In 1985, the Tadrart Acacus mountains were included in the UNESCO list of World Heritage Sites precisely in reference to its rock art, as an example of “a unique or at least exceptional testimony to a cultural tradition or to a civilization which is living or which has disappeared” (Criterion III: http:// whc.unesco.org/en/criteria/).
Since the beginnings of the research activities, rock art has represented one of the main research topics of the mission. Thousands of engravings and paintings, made in the last ten millennia and decorating rock walls and shelters in the Acacus and Messak massifs, have been recorded, reproduced and studied in their stylistics and chronological aspects, in a site-oriented approach, even if with a growing attention to conservation issues.
Recently, the Mission radically changed its aims and organisation in favor of a landscape approach, in order to isolate and define the relationships between physical environment, archaeological contexts and rock art features, to better investigate the environmental, socio-cultural and ideological dynamics of the past cultures. From 2001 onward annual campaigns of systematic surveys have led to the discovery and contextualisation of hundreds of sites. Special emphasis was laid on the state of preservation and accessibility, and several efforts were directed at proposing active heritage conservation measures.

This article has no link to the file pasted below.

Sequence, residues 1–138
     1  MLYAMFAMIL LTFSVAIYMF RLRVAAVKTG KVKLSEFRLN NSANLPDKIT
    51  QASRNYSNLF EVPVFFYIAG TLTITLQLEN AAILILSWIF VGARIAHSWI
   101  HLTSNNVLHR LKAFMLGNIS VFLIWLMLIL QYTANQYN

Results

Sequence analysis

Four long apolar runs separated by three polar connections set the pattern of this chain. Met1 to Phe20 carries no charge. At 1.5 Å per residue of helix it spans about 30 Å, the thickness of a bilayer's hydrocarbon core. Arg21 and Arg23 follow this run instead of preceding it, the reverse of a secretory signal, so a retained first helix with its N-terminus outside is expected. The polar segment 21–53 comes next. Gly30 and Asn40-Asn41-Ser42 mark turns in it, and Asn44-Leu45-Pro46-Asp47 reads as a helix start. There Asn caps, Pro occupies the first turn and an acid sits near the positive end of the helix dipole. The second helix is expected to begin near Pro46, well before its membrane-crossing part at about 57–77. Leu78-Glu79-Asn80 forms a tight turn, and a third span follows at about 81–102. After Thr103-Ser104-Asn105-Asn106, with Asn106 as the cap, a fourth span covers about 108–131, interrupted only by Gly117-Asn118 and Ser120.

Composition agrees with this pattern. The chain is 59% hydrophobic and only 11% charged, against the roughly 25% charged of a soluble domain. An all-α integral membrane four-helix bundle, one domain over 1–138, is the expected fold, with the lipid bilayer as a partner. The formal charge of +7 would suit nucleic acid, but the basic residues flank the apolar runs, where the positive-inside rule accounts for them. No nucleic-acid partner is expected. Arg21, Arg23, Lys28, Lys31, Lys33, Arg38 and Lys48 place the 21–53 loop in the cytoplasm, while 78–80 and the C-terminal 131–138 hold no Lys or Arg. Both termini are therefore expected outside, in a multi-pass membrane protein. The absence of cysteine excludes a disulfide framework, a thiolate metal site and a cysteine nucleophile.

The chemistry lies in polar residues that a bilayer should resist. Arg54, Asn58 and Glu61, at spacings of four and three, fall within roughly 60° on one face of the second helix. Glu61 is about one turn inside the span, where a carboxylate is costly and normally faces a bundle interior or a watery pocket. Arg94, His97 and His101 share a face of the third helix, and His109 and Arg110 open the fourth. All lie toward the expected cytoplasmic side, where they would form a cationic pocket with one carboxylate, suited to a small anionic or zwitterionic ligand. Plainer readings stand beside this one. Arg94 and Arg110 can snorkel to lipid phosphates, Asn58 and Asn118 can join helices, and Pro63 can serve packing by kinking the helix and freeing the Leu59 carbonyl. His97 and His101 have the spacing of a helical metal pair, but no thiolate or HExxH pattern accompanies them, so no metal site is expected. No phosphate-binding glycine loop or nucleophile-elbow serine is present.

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di Lernia, S. and D. Zampetti (Eds.) 2008. La Memoria dell'arte: le pitture rupestri dell'Acacus tra passato e futuro. All'Insegna del Giglio, Firenze.
di Lernia, S., and M. Gallinaro. 2010. The date and context of Neolithic rock art in the Sahara: engravings and ceremonial monuments from Messak Settafet (south-west Libya). Antiquity 84 (326): 954-975.
—. 2011. Working in a UNESCO WH site. Problems and practices on the rock art of the Tadrart Acacus (SW Libya, central Sahara). Journal of African Archaeology 9: 159-175.
di Lernia, S., M. Gallinaro, and A. Zerboni. 2010. Unesco Word Heritage Site vandalized. Report on damages to Acacus rock art paintings (SW Libya). Sahara 21: 59-76.
Gallinaro, M. 2014. "Tadrart Acacus Rock Art Sites", in Encyclopedia of Global Archaeology. Edited by C. Smith, pp. 7201-7208. New York: Springer.
Gallinaro, M. 2013. Saharan Rock Art: Local Dynamics and Wider Perspectives. Arts 2013, 2(4): 350-382; doi:10.3390/arts2040350.